China's Data Protection Law Compliance
Ensure organisational compliance with China's new data laws

China Personal Information Protection Law - PIPL

Many global organisations have had to grapple with compliance with GDPR over recent years. Compliance with China’s data laws, specifically the 'PIPL' Personal Information Protection Law, - is not just a copy and paste exercise. With additional Data and Cyber Security Laws to consider, what are the steps your organisation can take to simplfy the compliance procedure for continued trouble-free operations in China?

Is PIPL the same as GDPR?

Your organisation is very likely already GDPR compliant if you are reading this. China's equivalent consumer data protection law, PIPL, has been created for different reasons compared to GDPR. Sadly, as a result, compliance with China’s PIPL is not just a repeat of the GDPR process.

In the EU, the law is squarely aimed at protecting citizens' data. In China, there’s an element of establishing control over personal data by the authorities whilst they simultaneously look to limit (Western) organisations' ability to exploit Chinese personal data.

This is as much a technical issue as a legal one, requiring compliance with data storage, data security and data geo-location. Depending on your organisational size and your China data footprint, there may only be a small amount of paperwork. For companies with large China user bases, there could be a need to get legal input for submission to the authorities. Happily, many companies assume this is the case, whereas for them it's actually not required. What are the key compliance points for your business?

Understanding the different laws - PIPL, CSL, DSL

The new Data Laws in China are known in English collectively as 'MLPS' or the Multi-Level Protection Scheme. There are three main cornerstones of this policy:

  • PIPL - the Personal Information Protection Law. This will be the primary law affecting Western organisations active in China. It concerns Chinese citizens' personal data. The chances are if GDPR affects your organisation, so will PIPL. There are requirements around consent, data processing and access to personal records.
  • DSL - the Data Security Law. This concerns data collected in China. The law regulates its storage and the subsequent transfer of that data abroad. For example, if you gather enquiries from a website form or WeChat and export this into Salesforce, this would come under both PIPL and DSL.
  • CSL - Cyber Security Law. This concerns data protection from the perspective of cyber security. It stipulates cyber security requirements for Chinese network operators and critical information infrastructure operators. For most clients, their exposure to this law is through their 3rd party providers. It would be expected that the liability for compliance lies with the 3rd party operators although some awareness of the 3rd party CSL compliance may be desirable.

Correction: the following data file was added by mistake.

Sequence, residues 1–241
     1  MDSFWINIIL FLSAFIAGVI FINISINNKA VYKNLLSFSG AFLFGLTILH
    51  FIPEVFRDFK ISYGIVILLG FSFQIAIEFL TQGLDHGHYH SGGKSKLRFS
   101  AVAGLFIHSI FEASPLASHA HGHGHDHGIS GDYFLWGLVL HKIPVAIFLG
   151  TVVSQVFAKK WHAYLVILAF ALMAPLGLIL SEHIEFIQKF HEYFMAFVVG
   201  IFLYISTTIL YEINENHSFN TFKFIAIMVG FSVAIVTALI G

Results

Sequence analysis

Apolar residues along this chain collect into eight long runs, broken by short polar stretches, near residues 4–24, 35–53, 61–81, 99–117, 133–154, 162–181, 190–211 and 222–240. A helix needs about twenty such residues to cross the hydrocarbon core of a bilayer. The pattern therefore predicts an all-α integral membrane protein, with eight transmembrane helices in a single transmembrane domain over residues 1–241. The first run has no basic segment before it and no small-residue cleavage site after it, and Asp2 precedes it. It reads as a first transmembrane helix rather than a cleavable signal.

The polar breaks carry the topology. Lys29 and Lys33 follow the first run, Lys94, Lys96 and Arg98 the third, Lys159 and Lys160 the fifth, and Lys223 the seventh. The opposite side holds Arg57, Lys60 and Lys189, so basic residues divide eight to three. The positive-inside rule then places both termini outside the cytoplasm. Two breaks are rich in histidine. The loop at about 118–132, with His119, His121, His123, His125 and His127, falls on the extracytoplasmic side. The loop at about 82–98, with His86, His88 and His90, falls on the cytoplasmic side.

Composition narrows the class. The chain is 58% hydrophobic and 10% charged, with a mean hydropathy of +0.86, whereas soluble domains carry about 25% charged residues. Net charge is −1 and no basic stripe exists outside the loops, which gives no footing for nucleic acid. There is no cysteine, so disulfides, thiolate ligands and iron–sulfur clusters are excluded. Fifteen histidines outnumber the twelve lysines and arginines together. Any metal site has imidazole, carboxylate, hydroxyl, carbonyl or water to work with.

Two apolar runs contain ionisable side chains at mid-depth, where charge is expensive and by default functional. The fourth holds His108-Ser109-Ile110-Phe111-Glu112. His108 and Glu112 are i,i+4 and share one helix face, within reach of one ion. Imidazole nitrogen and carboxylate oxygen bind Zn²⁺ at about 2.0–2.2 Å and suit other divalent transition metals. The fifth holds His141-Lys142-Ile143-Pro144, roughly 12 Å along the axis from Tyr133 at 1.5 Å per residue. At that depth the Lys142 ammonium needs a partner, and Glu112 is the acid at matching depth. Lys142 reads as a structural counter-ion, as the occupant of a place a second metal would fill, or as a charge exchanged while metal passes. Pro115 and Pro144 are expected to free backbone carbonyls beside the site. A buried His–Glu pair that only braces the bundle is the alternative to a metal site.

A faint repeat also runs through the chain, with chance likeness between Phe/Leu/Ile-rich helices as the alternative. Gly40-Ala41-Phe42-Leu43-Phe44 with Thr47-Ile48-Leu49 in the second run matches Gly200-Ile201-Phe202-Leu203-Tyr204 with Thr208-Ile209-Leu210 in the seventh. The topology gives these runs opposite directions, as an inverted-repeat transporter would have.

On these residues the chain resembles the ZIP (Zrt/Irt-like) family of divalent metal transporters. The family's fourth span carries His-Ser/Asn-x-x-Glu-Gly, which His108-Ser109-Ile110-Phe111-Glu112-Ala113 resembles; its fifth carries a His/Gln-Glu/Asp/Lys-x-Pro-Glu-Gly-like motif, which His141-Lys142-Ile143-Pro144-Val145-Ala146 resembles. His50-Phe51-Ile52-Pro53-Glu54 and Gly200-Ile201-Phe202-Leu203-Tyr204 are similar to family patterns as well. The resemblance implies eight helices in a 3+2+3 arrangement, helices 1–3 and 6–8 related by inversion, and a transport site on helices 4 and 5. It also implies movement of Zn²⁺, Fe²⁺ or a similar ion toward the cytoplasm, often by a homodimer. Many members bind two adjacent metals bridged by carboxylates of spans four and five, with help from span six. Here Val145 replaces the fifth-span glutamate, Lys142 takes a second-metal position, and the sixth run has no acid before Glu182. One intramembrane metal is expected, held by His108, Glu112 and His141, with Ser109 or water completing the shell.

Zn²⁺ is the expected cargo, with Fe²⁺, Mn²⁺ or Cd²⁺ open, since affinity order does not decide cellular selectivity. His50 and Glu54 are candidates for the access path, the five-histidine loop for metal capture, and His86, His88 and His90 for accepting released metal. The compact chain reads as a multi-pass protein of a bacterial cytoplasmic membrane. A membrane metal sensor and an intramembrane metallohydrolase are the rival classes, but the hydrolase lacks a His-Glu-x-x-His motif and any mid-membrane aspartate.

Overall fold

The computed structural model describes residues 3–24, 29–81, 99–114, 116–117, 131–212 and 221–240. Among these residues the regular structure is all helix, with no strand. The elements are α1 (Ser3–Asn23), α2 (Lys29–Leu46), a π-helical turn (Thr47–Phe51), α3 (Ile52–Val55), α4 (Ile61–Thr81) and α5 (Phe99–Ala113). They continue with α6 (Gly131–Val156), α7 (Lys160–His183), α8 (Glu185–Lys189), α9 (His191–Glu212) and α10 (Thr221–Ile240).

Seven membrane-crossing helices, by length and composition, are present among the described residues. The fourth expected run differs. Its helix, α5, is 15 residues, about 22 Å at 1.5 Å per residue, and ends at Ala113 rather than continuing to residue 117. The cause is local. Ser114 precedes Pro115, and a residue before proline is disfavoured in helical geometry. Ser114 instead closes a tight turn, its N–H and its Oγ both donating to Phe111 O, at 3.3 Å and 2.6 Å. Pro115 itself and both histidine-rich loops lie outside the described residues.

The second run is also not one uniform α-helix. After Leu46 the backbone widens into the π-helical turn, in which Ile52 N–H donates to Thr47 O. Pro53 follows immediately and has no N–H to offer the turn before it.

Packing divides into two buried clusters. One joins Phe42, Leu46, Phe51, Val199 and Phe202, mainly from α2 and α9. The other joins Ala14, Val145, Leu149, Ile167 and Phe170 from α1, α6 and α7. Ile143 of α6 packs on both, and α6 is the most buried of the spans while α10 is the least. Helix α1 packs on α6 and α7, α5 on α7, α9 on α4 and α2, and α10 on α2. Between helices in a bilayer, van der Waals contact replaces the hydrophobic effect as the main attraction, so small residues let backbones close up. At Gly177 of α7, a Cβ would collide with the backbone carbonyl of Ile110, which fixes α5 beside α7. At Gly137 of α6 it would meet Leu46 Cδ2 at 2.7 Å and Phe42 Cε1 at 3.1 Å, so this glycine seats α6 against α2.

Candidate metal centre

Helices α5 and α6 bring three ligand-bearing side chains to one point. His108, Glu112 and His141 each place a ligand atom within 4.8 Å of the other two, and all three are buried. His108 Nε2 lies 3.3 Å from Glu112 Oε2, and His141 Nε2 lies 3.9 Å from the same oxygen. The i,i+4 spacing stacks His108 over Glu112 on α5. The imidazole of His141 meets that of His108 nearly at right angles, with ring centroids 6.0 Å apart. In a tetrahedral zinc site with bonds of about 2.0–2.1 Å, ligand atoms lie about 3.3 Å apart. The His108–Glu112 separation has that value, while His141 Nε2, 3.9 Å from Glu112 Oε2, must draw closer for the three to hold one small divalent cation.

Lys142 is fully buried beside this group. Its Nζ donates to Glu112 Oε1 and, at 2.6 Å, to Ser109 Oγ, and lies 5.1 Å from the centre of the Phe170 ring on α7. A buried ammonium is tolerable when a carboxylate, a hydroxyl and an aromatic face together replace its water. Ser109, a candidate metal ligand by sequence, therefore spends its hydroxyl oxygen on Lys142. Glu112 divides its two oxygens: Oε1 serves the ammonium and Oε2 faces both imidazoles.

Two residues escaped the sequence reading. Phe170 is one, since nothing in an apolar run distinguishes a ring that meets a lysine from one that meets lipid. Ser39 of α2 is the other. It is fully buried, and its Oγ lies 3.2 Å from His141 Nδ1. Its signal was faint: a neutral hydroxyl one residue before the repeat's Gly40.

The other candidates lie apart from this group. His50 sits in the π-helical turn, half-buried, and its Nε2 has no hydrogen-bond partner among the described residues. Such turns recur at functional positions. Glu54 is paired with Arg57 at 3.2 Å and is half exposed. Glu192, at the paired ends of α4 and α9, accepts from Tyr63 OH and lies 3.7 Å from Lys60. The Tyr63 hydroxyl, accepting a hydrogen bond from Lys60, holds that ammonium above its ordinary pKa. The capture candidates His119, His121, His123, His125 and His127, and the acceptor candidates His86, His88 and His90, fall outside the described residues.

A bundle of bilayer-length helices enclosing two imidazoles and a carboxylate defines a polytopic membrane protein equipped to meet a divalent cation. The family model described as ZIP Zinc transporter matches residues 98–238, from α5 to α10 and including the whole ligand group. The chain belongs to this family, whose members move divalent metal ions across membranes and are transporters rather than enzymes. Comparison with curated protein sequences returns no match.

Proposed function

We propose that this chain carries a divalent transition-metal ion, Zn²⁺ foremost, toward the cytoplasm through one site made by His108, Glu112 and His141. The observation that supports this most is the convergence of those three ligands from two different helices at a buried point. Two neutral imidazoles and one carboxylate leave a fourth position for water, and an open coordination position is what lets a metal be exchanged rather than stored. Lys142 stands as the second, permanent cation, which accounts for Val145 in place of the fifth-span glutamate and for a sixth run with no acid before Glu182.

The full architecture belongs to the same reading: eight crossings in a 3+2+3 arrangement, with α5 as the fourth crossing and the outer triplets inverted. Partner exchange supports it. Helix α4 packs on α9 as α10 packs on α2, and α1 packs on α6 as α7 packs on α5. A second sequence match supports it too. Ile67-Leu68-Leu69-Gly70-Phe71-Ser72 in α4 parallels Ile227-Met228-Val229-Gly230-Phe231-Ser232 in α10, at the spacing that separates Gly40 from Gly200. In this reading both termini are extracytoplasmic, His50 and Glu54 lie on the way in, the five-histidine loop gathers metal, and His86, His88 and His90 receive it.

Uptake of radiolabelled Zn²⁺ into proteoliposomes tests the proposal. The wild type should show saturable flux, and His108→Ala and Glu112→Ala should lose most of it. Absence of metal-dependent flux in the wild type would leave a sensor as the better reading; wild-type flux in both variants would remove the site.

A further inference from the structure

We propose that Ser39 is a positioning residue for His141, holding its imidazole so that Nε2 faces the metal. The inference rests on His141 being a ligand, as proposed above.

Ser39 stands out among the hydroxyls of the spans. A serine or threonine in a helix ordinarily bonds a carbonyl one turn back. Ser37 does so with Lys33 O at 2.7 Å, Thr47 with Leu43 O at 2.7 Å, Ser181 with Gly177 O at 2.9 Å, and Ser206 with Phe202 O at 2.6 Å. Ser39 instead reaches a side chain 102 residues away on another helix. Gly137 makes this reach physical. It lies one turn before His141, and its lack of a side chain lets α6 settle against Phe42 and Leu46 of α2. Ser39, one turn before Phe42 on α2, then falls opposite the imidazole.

The first task on the road to compliance is to work out the level of compliance required for your company. Many assume that it's a complex, expensive and time-consuming procedure. Sure, for some companies it can be, but for most, it's simpler and more manageable than first assumed.

Comply with data residency

Under PIPL and DSL, there can be a requirement to keep personal data in an encrypted format within China prior to any exporting of that data abroad. There are also implications for holding that data overseas. It's a complex subject, but we make things easy for you with a tiered series of packages to ensure compliance whatever your company size.

For the majority of clients, unless they have large-scale user bases within mainland China, the process of compliance can be achieved after an initial assessment based on your organisation's in-market data footprint.

Become compliant

Our service for your organisation to achieve and ensure compliance includes:

  • An initial assessment of the level of compliance required by your organisation
  • Standard website legal policy documentation

Following an initial assessment:

  • Data flow mapping: A process to establish the level of compliance needed for your organisation along with data flow of any exported data;
  • Self-assessment policy documentation in Chinese and English;
  • Data solution provision and compliance with the requirement for data residency in China;
  • Provision of secure China-based data storage solutions and at-rest encryption.

For organisations with large-scale user bases, a legal submission to the authorities may be required.

Requirements around China's PIPL law do vary depending on your company size, business activies and status. Start your China data compliance journey and get in touch with us now.

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